Freeway Quotes (displaying: 1 - 30 of 35 quotes )
The Santa Monica Freeway is traditionally the scene of every form of automotive folly known to man. It is not white and well-bred like the San Diego, nor as treacherously engineered as the Pasadena, nor quite as ghetto-suicidal as the Harbor. No, one hesitates to say it, but the Santa Monica is a freeway for freaks.
The better you get, the less you run around showing off as a muscle guy. You know, you wear regular shirts-not always trying to show off what you have. You talk less about it. It's like you have a little BMW - you want to race the hell out of this car, because you know it's just going 110. But if you see guys driving a ferrari or a lamborghini, they slide around at 60 on the freeway because they know if they press on that accelerator they are going to go 170. These things are the same in every field.
It is hard for people who have not lived in Los Angeles to realize how radically the Santa Ana figures in the local imagination. The city burning is Los Angeles's deepest image of itself; Nathanael West perceived that, in The Day of the Locust; and at the time of the 1965 Watts riots what struck the imagination most indelibly were the fires. For days one could drive the Harbor Freeway and see the city on fire, just as we had always known it would be in the end. Los Angeles weather is the weather of catastrophe, of apocalypse, and, just as the reliably long and bitter winters of New England determine the way life is lived there, so the violence and the unpredictability of the Santa Ana affect the entire quality of life in Los Angeles, accentuate its impermanence, its unreliability. The wind shows us how close to the edge we are.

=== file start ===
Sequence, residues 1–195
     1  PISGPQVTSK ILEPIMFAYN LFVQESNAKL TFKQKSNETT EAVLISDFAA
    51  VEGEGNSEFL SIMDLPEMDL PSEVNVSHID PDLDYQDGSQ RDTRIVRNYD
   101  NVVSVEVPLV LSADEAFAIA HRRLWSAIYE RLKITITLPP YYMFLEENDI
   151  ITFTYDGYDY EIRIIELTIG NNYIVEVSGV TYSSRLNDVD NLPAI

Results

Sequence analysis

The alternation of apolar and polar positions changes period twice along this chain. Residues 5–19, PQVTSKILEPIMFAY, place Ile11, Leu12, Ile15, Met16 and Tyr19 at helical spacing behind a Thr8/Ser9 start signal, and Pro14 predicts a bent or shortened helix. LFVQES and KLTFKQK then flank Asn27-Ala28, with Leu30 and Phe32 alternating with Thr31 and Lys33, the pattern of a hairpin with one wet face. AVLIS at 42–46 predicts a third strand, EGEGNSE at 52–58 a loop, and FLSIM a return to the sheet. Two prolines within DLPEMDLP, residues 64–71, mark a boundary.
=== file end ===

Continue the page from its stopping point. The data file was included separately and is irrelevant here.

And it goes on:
It's time now to rent a car, roll down the windows and prepare for your first big thrill: the freeways. They're so much fun they should charge admission. Never fret about zigzagging back and forth through six lanes of traffic at high speeds; it erases jet lag in a split second. You're now heading toward Hollywood, like any normal tourist. Breathe in that smog and feel lucky that only in L. A. will you glimpse a green sun or a brown moon. Forget the propaganda you've heard about clean air; demand oxygen you can see in all its glorious discoloration.